SHOUTAmerica, a non-profit organization committed to culti- vating sustainable solutions and policies that address today’s healthcare crisis with a conscience for tomorrow, has created an excellent video designed to grab our attention about the need for healthcare reform. If you haven’t yet watched it, I think you’ll find it both informative and compelling.
Despite the serious nature of this crisis situation, the CPR (Conservatives for Patients’ Rights) is airing infomercials suggesting that the government’s plans for healthcare reform will actually raise costs and pit “government bureaucrat” gatekeepers between us and our doctors. Well, gee, don’t we already have gatekeepers employed by commercial insurance companies standing between us and our doctors (see Republican Arguments Against Health Care Reform ~ The Ammunition of Myths)? If we are lucky enough to still have insurance, and 46 million people living in America do not, whether we have opted for a lower cost HMO or a higher cost PPO, this is true. Notwithstanding, CPR’s efforts seem to be having their intended effect. Public support for reform and the political will to get it done, according to some independent polls, seem to be slipping. That’s why the President wants Congress to act swiftly. The politics of fear worked for private interests last time around with the Harry and Louise infomercials. Let’s not let it happen again.
I apologize for my own scare tactics… act decisively or crash ‘n burn. But sometimes one must fight fire with fire.
Oh yeah, you are wondering how we survived the looming disaster years ago at South Shore Tahoe. Well, I decisively risked a might more back pressure on the airplane’s yoke and started a slow, cautious bank to the right (I wish I could say to the left, my analogy falters here somewhat, but that’s not the geography at South Shore Tahoe). After barely clearing the trees, I pushed the yoke forward to gain enough airspeed over the clearing afforded by the golf course so that retracting the landing gear and flaps wouldn’t add too much more drag. We gained altitude, slowly but it was enough so that I could wind our way up the steep valleys ahead of us and eventually clear the mountain tops. The golf course proved to be our salvation and I learned several important lessons about flying that day: plan a good flight considering all relevant factors, and then fly the plan; if the plan doesn’t work out, innovate smartly and decisively; get your head out of the cockpit and trust good advise from unbiased experts. The tower operator that day was not in the airplane with us that day, but he sure knew what he was talking about. Likewise… trust the good advise from unbiased experts on the need for health care reform. Who are the biased experts? Those whose ears are had by those who profit by the status quo.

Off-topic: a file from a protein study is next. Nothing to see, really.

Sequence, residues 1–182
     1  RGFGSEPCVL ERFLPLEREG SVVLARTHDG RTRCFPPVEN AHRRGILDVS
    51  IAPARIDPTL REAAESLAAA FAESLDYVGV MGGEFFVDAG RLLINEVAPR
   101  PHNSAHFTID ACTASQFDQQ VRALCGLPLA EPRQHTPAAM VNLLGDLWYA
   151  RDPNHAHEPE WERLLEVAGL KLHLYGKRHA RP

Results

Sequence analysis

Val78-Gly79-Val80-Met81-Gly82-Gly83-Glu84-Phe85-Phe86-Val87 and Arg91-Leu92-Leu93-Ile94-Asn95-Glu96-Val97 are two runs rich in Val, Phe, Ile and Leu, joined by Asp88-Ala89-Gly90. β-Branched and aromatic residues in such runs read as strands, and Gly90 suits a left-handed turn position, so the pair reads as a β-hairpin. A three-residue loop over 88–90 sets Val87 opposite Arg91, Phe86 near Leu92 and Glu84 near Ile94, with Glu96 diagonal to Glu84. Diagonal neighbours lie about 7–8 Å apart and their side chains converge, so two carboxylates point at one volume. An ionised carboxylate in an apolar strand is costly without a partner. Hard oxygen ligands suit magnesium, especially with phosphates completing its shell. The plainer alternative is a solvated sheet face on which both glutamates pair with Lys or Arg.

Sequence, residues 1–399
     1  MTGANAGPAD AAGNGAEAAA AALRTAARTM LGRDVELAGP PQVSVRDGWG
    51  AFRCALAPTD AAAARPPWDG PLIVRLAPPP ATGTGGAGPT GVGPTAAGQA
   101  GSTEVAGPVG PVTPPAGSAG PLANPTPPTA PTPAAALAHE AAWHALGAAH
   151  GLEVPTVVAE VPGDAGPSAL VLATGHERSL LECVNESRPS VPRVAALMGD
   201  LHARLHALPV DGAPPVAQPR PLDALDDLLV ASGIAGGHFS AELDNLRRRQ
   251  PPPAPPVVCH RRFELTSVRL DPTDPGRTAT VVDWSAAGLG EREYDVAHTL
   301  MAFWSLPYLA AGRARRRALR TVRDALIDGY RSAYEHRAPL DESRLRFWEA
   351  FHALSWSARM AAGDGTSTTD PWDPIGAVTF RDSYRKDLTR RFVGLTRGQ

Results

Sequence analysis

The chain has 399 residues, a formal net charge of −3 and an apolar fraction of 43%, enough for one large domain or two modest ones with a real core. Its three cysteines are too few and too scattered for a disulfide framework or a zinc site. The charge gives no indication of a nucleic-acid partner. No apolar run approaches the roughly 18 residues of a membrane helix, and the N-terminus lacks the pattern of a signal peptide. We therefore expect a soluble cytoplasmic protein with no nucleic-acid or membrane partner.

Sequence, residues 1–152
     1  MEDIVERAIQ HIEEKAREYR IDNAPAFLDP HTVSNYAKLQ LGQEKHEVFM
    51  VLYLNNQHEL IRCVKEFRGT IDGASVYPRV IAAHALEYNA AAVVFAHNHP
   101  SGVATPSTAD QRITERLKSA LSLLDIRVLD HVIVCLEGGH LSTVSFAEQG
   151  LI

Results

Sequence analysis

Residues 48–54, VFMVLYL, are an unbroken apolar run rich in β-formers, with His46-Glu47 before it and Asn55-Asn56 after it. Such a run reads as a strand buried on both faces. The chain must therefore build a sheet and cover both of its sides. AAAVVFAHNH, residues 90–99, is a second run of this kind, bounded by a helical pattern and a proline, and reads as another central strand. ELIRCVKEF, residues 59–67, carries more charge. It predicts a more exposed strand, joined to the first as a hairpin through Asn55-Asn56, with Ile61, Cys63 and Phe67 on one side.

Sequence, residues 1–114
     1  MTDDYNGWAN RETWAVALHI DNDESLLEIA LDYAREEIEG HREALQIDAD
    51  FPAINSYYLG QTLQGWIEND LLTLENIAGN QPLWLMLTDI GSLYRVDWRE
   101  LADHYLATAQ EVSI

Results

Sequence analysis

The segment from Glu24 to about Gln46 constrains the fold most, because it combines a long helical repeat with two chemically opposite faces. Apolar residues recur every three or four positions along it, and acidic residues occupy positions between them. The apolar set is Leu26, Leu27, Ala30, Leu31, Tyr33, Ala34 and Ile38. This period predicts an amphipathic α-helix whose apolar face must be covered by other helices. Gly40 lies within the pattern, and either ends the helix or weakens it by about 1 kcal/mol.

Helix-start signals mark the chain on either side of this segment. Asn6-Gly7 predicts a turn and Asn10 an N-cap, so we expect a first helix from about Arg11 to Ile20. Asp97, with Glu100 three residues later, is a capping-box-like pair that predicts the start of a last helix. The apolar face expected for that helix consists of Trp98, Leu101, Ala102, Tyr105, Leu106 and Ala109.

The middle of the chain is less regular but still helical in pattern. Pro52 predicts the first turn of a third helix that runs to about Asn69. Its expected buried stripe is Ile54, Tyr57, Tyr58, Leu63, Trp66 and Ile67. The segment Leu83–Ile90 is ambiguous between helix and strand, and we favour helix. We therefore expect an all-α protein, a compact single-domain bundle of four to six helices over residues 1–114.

Health care reform, as advocated by the President, like the golf course at South Shore Tahoe, will be our economy’s salvation. But we cannot hesitate to act decisively.
I invite your comments, whether you support the President’s plan or not.